Styling, cutting, trends, education – we got to talk to hair maestro Chris Foster about all this and much more.
Chris Foster was in India on a masterclass tour for Beauty Essentials. Chris comes with more than 25 years of experience in hairdressing and is regarded as an authority on men’s styling the world over. As his profile on hairbychrisfoster.com says, “My professional achievements have been endorsed by numerous awards and accolades, including a Master Craftsman award which I received at the House of Commons. As a finalist, nominated for Men’s category of ‘The British Hairdressing Awards’ and three times winner of ‘Black Hair & Beauty Barber of the Year’, I have been granted exclusive entry to the ‘Barbering Hall Of Fame.’”
With such a vast experience under his belt, Chris has now made hair education his priority. His visit to India entailed learning sessions at the Indian School of Hairdressing and his presentation of the Hunter Collective collection of hair products. Not only was his styling inspiring for hairdressers and barbers here, but the tips and tricks he shared were invaluable. We catch up with Chris as he talks about everything under the men’s hairdressing sun.
What brings you to India?
I’ve been invited to launch the Hunter 1114 product range at Indian School of Hairdressing and Beauty Essentials. Since I came here over two years ago, I’ve been trying to get back. And the opportunity came when they launched a product range. So, I am here to talk about the product range and to do seminars. They gave me this three-city tour, and I was like yes, let’s do this! And it has been fun.
Which cities are you visiting?
Flew into New Delhi, then we went to Bangalore and from Bangalore to Mumbai.
Tell us something about Hunter Collective.
It’s easy to understand. People could use it quite simply, It’s not complicated. It’s not tubs and tubs of different products for a guy to get confused. One product does this, one product does that. Cocktail of product range to create different looks. And over a period of time, we have had 12 models in each city and we created something completely different for all the cities. As a creative hairdresser, it has been really interesting working over ranges, to get different looks for men and push those boundaries of creativity because it shows that you want to be extremely creative with the type of show work that I do as a creator.
How different is the market here in India for men’s grooming compared to the west?
I would say men’s grooming in the UK has skyrocketed nearly from the last 20 years. And I can see male grooming in India about that point, where it is going to skyrocket. It has started to saturate in the West now, so many products range out there. But I think the potential over here, in particular, is huge. Because I strongly believe guys want to feel they are pampered, but haven’t had the right ranges or haven’t had the right products that will make them feel they are pampered.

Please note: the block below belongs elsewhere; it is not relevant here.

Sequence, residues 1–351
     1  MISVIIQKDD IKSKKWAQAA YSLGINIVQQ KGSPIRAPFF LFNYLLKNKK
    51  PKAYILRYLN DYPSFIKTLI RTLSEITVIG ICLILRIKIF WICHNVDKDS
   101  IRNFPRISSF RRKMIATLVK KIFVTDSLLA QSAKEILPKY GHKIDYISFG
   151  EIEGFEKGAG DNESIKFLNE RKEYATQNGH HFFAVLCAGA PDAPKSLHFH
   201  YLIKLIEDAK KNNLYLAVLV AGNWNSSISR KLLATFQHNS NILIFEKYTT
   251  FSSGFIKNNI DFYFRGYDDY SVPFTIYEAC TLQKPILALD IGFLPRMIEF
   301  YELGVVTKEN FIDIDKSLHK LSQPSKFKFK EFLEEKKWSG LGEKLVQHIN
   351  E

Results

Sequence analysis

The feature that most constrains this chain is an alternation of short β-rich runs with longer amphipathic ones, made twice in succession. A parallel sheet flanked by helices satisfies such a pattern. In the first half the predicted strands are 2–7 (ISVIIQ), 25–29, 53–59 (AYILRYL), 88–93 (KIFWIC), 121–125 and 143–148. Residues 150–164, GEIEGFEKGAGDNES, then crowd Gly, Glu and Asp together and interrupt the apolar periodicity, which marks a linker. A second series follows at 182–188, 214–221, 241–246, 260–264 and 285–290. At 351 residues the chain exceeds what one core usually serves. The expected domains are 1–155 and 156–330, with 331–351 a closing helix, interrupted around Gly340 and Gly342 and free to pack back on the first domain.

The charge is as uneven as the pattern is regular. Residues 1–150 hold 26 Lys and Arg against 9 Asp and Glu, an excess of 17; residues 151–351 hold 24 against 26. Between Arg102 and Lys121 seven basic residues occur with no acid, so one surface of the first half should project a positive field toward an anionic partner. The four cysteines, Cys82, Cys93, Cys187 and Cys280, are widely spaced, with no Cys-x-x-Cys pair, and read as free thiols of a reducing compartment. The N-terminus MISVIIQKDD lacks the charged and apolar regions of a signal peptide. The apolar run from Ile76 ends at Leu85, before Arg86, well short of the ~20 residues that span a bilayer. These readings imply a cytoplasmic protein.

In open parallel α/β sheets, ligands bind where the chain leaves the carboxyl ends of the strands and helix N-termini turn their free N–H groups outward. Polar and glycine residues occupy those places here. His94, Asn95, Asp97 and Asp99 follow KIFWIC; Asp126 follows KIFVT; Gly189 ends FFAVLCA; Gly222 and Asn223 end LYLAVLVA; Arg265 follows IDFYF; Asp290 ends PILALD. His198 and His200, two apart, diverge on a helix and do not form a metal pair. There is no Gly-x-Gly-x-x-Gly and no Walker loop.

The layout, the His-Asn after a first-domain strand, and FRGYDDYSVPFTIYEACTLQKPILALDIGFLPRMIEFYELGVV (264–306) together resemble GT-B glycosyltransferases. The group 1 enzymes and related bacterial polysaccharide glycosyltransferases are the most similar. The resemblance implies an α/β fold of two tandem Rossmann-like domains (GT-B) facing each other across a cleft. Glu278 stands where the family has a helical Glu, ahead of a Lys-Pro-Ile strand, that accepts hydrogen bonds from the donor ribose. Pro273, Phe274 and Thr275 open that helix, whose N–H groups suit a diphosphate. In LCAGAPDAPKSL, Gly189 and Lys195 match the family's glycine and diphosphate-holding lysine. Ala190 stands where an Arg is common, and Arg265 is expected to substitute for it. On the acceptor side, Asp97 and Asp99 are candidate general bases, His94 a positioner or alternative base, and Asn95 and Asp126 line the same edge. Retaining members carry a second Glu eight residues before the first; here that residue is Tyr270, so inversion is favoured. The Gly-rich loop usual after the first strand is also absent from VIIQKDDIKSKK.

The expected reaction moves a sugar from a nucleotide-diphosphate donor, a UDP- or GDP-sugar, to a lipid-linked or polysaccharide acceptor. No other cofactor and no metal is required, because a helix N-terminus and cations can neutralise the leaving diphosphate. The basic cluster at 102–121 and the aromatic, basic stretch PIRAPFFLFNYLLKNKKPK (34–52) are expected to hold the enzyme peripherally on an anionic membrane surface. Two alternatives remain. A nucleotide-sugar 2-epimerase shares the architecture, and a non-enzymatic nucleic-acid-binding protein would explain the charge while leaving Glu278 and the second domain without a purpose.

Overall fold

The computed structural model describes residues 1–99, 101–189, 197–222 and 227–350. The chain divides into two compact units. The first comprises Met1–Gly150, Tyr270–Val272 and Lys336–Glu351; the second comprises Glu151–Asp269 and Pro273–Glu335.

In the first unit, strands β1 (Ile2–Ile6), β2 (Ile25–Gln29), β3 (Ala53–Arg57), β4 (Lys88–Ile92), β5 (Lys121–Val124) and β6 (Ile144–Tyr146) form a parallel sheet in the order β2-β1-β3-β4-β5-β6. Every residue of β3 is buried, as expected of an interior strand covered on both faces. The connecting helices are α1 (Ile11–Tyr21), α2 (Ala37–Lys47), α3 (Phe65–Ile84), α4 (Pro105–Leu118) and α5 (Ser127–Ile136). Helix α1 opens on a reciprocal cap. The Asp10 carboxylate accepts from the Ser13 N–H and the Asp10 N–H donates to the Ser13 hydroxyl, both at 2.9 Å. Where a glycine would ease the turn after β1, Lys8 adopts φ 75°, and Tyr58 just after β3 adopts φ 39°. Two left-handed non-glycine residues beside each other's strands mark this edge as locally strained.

Do you think the hairdressers are also capable now to cater to the needs of the customers?
I think there is still a skill gap. From the work that I’ve seen, style sensitivity while approaching men’s hair is lacking. Like people are going short in areas they shouldn’t go short. They are not using the style sensitivity that should quite compliment the style of the man’s heads for instance that. So I think when stylists start to train more they realize the more clientele they get. They have a lot of growth there. And that happened 20 years ago in the UK where people all went to ladies hairdressing salons. Now barbershops are booming. The UK market is huge for barbershops. Everywhere you look, there is a barbershop. There are so many product ranges, so that is why I see the potential for this market. The market in the south in itself saying that okay, there is this huge gap in the market where there is 50% of the population who are men let’s look after men.
So, you think they don’t understand how a man’s head or face is structured or what kind of work we should be doing on the hair?
I think education is not there. It’s not like they don’t understand, I think education is not there. And I think that is the reason why I am here as well. I think I want to be able to give this particular market all my skills, I have an online academy so I don’t have to be in India to teach. I am working India school of hairdressing to try and create content to teach people virtually, online. We live on our phone practically 5-6 hours a day, we can track things, you might as well look at your phone and learn. Watch a video about how to do certain things. I think that’s where the opportunity lies for people to have a method to continue to learn.
There is no point in watching a video as a student, where you have hair that’s slightly different. In many different ways. It is stronger, it is thicker, so you might as well come to India and do Indian hair so people can see their hair and really like their own styles rather than watching a western hairstylist do western hair. Indian hair is different. It behaves differently to humidity.
Which is your favorite Hunter Collective product?
I like sea salt spray because of its versatility. I haven’t used the raw clay as much or the whipped mousse. So, sea salt spray is my foundation product. I use it to blow dry with, use to add texture to the hair and to get the beachy kind of look.